LONDON (Reuters) - A British army officer told a public inquiry on Monday that allegations that soldiers in his company tortured and executed Iraqis after a battle in 2004 were baseless rumors spread by insurgents who wanted to discredit U.S.-led coalition forces.
Adam Griffiths was the first British military witness to give oral evidence about the allegations made by dozens of Iraqis, which if confirmed by the Al-Sweady Inquiry would go down as one of the worst atrocities of the Iraq war.
More than 200 British soldiers will appear in coming months before the inquiry, named after Hamid Al-Sweady, one of 20 Iraqi men who died in disputed circumstances at or after a battle near the southern Iraqi town of Majar al-Kabir on May 14, 2004.
The aim is to establish whether the 20 men died on the battlefield, as the British say, or whether they were captured alive and later executed and mutilated at a British military camp, as relatives and members of the local community allege.
The soldiers involved deny separate allegations by five men detained after the battle that they were tortured.
“The rumors were baseless and caused by a combination of ignorance amongst the local population as to the traumatic injuries that can be suffered in combat, and the misinformation spread by insurgents who wished to discredit the coalition forces,” Griffiths told the inquiry in a witness statement.
Sixty Iraqi witnesses testified from March to June, some of whom alleged they had seen corpses with eyes gouged out, severed genitals and other signs of torture or mutilation.
“I did not observe anything that appeared to be inconsistent with battlefield injuries,” Griffiths told the inquiry.
“I can recall that some of the limbs must have been broken as they were sticking out at unnatural angles,” he said, adding such injuries could be caused by the weapons used in the battle.
A major at the time who was the officer commanding the company involved, Griffiths is not personally suspected of execution or torture. He still serves in the British army and has the rank of colonel.
The disputed events took place the day after the Imam Ali mosque in Najaf, Shi‘ite Islam’s holiest shrine, was damaged during fighting between U.S. troops and radical cleric Moqtada al-Sadr’s Mehdi Army militia.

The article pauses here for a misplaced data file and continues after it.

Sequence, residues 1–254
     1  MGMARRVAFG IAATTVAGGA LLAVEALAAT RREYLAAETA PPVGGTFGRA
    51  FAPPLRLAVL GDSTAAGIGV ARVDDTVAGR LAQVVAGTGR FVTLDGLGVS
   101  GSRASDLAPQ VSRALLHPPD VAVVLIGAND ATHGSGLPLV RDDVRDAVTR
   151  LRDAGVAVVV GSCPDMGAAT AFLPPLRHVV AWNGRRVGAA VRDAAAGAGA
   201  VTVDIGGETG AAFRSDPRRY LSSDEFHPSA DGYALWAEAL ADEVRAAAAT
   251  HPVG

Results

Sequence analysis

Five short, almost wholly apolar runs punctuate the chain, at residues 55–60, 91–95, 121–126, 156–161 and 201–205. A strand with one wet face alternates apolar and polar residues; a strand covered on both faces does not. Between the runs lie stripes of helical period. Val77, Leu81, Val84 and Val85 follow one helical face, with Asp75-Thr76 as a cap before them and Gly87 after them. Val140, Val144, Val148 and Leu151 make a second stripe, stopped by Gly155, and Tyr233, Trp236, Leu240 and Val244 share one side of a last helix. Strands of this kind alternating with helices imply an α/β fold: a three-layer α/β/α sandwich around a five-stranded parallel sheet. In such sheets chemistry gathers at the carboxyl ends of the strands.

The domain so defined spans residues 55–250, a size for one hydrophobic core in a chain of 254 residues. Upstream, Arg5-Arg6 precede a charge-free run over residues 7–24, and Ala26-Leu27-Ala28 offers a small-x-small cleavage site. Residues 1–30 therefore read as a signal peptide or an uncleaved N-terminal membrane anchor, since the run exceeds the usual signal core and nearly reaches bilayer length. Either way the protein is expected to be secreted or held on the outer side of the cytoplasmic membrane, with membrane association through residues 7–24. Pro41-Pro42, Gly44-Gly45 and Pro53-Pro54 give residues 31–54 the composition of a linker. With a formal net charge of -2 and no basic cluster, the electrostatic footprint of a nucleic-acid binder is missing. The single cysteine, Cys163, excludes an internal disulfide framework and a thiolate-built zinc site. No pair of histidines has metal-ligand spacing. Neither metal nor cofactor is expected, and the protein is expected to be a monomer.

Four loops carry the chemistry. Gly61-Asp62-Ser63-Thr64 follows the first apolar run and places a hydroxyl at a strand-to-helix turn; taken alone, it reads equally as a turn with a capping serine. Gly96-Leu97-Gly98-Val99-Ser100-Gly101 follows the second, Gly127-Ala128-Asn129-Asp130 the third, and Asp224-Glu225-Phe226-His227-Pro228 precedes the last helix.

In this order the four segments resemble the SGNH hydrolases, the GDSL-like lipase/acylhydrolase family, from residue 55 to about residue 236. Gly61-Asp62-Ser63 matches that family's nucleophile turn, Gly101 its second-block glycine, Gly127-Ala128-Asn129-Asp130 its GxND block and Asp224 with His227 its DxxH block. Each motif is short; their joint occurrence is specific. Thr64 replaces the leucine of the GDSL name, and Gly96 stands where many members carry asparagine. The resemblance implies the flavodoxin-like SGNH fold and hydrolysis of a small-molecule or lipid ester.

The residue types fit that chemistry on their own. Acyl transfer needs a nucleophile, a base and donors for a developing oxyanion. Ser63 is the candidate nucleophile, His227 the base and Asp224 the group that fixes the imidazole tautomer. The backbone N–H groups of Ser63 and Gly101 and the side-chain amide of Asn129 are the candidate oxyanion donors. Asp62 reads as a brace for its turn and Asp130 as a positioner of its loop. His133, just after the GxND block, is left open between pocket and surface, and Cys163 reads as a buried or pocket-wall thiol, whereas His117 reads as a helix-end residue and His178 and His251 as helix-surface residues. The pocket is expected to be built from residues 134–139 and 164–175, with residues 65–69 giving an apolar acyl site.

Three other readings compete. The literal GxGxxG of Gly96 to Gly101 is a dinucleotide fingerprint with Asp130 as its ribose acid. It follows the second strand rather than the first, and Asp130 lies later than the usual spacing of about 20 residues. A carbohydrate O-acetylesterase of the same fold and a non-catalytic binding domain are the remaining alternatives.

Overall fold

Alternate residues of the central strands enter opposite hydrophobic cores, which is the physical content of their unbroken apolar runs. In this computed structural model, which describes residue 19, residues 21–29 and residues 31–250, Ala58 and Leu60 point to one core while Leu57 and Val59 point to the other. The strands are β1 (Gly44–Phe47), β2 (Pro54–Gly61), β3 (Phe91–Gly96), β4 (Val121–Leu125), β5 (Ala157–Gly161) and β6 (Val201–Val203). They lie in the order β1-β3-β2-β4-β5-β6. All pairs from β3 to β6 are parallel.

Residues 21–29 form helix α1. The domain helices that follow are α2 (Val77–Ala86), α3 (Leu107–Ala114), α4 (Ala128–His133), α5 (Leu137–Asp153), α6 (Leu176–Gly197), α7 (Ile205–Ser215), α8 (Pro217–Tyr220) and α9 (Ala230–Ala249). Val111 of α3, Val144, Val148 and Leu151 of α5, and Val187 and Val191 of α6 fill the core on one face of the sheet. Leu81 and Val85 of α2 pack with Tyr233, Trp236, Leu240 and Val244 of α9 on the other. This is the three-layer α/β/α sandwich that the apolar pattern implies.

With anger against foreign troops running high because of the Najaf incident, fighting broke out between a British convoy and armed insurgents on a road near Majar al-Kabir. Griffiths said the insurgents had staged several coordinated ambushes.
Several bodies were recovered by local people on the battlefield, but another 20 were handed over by the British the following day at Camp Abu Naji, a nearby army base. It was from that point that allegations of atrocities surfaced.
The military say the 20 died fighting and their bodies were taken to the camp to check whether any of them were among suspects who were wanted over the killing of six British military police in Majar al-Kabir in an incident in June 2003.
The issue of the removal of the bodies from the battlefield is central to the inquiry because it was a very unusual event that caused confusion and could be a potential explanation for why the circumstances of the deaths came to be disputed.
Pressed to explain why and how the bodies were taken to the camp, Griffiths told the inquiry the order had come from higher up the chain of command. He said he had never received such an order before or since.
“We just did it because there must have been a reason for it,” he said, adding that he had not been told at the time the reason for the order by the officer who relayed it to him.
“I would have said ‘why’ and he would have said ‘just get on with it’,” Griffiths said.
The military evidence is scheduled to last until early next year and the report from the inquiry is expected in late 2014.
The inquiry has no power to prosecute. However, depending on what it concludes, the Service Prosecuting Authority which is in charge of military justice could decide to launch prosecutions.
Editing by Ralph Boulton